|A dilapidated public toilet near Old Bus Stand in Bhubaneswar.
Picture by Ashwinee Pati
Bhubaneswar, July 25: Nature’s call will be easier to answer even when you’re on the move in the busiest parts of town once two projects to build public toilets is complete.
One of the projects, funded by Japan International Cooperation Agency (JICA), aims to build 31 public toilets, while the other, funded by the Bill and Melinda Gates Foundation, plans to build 49 toilets. Of these 49, 27 will be public toilets and 22 will be community toilets built in slum areas for use of the local community.
Both projects are expected to be completed by 2014.
The Bhubaneswar Municipal Corporation (BMC) has identified 27 sites for the construction of the public toilets to be built with funds from the Gates Foundation.
The sites include busy places such as Unit-I and Unit-VIII. The corporation is yet to identify spots where the community toilets would be built. BMC has signed an agreement with Abdul Latif Jameel Poverty Action Lab and Quicksand Design Studio Private Limited to prepare a detailed project report.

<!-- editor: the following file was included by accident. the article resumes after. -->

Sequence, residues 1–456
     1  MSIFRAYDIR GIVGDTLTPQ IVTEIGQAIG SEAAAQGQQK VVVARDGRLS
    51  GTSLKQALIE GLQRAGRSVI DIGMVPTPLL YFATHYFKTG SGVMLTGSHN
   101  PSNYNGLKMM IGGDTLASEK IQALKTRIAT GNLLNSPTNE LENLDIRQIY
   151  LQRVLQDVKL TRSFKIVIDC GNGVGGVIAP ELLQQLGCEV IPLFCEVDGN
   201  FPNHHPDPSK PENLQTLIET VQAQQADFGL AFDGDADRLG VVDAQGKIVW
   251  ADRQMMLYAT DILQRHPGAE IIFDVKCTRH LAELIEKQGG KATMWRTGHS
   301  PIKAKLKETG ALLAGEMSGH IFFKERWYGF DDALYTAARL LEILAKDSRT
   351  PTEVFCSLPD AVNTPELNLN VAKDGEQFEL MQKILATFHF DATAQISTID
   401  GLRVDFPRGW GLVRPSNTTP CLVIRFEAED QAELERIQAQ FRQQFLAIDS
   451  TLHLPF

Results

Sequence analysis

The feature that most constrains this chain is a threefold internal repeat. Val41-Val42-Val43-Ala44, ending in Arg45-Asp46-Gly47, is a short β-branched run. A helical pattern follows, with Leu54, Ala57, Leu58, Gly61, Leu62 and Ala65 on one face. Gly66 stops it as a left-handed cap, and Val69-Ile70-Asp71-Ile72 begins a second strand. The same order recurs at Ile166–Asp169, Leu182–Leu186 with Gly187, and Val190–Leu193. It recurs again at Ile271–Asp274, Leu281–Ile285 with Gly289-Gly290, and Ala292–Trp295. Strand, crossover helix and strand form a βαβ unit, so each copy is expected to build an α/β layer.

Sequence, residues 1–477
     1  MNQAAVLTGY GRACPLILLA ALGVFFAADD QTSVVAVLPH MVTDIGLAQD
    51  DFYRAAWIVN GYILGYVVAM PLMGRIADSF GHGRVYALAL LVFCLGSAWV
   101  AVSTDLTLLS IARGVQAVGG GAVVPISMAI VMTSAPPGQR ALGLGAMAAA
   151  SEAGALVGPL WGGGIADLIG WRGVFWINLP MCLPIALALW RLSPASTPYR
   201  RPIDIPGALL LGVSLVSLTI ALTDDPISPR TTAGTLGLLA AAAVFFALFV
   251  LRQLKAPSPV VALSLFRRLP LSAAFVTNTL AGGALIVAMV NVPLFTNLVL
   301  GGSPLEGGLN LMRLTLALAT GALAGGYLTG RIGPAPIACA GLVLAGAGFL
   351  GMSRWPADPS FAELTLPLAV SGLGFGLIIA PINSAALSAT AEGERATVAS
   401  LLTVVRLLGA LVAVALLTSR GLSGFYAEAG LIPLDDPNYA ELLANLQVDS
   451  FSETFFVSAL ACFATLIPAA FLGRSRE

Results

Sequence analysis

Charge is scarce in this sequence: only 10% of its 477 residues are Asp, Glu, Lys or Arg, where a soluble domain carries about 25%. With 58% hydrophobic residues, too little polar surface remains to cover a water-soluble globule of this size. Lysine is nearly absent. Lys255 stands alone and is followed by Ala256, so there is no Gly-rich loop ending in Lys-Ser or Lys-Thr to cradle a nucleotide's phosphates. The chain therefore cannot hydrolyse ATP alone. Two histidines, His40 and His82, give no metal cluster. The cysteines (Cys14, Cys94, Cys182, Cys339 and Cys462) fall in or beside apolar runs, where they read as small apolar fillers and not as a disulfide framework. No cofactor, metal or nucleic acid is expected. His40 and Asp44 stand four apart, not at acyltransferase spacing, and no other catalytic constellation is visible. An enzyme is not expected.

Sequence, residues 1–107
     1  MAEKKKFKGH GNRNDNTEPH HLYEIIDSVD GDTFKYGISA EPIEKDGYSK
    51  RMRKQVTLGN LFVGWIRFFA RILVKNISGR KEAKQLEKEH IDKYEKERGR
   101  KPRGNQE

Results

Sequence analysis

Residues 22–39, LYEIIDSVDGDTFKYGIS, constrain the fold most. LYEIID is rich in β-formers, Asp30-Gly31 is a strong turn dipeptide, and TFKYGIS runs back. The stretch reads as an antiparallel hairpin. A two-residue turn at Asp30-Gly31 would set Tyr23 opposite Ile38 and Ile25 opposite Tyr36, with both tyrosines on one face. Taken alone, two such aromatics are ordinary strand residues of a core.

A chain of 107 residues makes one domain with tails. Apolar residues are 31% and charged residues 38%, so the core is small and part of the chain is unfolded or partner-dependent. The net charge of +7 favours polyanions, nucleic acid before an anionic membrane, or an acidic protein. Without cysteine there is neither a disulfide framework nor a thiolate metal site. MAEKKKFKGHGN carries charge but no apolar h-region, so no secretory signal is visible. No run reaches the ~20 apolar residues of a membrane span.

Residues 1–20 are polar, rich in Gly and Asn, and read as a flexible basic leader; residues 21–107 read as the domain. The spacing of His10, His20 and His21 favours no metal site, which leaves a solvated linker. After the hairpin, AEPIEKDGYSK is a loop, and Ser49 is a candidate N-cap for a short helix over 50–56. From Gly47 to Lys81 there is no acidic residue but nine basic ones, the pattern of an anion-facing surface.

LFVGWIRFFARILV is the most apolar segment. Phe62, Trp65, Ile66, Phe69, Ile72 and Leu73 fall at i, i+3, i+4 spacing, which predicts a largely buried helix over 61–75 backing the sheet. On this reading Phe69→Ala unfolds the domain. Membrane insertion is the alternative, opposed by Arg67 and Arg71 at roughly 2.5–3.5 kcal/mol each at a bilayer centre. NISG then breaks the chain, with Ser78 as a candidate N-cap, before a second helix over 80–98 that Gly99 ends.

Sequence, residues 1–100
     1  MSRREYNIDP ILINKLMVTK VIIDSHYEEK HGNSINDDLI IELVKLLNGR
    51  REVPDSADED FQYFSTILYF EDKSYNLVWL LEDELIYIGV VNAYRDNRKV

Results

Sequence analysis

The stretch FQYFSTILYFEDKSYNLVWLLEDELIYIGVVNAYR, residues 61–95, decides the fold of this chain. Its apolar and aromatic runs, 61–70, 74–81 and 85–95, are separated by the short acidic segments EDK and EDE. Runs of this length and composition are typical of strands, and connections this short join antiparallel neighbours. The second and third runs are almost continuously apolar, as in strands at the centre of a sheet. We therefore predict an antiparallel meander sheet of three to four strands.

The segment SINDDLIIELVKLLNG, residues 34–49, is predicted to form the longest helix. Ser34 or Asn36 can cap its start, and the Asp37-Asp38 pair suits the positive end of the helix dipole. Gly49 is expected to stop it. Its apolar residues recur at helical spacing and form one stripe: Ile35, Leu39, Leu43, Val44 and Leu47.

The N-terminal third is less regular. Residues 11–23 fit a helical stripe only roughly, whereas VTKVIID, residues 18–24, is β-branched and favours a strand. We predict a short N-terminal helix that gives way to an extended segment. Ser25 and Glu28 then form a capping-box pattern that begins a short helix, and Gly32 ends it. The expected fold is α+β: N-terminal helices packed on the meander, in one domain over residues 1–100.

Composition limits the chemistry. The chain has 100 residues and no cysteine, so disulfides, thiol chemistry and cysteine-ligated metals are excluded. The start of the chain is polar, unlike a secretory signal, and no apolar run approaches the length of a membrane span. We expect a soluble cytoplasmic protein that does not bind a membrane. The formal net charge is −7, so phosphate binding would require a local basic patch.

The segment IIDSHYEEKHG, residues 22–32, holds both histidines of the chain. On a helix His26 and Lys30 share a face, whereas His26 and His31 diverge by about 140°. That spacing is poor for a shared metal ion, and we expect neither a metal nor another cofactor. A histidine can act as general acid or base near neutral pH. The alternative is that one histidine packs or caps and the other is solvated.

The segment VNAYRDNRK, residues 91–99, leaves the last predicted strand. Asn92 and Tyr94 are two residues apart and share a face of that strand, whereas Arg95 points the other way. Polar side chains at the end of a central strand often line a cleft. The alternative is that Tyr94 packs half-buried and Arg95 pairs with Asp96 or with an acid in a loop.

The corporation is also planning to renovate the 38 existing public toilets in the city. “The toilets will come up on the busiest stretches and market places of the city. The population of the city has been on the rise and the existing public toilets cannot meet the demand. Once the detailed project report is ready, we will start building the toilets,” said city engineer T.B.K. Shroff.
The corporation also plans to introduce a card system for community toilet users. “We have been creating awareness in various slums to urge people to use toilets. We are also thinking of providing cards to community dwellers to use toilets by paying a monthly charge between Rs 15 and Rs 30,” said a senior BMC official.
Sources in the BMC said 31 public toilets would be built in Bhubaneswar with assistance from the JICA under the low-cost sanitation programme. The toilets would be built at an estimated cost of Rs 5.16 crore.
Lack of adequate public toilets has been a major concern for residents, especially women in the city. Most public places such as market complexes and exhibition grounds lack toilet facilities. This leads to a sanitation problem.
“The city has been expanding rapidly. Lack of adequate toilets in this scenario is a violation of human rights. The stretch between Vani Vihar Square and Master Canteen Square is one of the busiest stretches in the city, but it does not have a single public toilet,” said city-based human right activist Prabir Das.
Though the city will have more than 100 toilets after the completion of all the above projects, residents are sceptical about the maintenance of the toilets. “If the proposed toilets are not maintained properly, they will add to the unsanitary conditions in the city,” said Nihar Sathpaty, a resident of Saheed Nagar.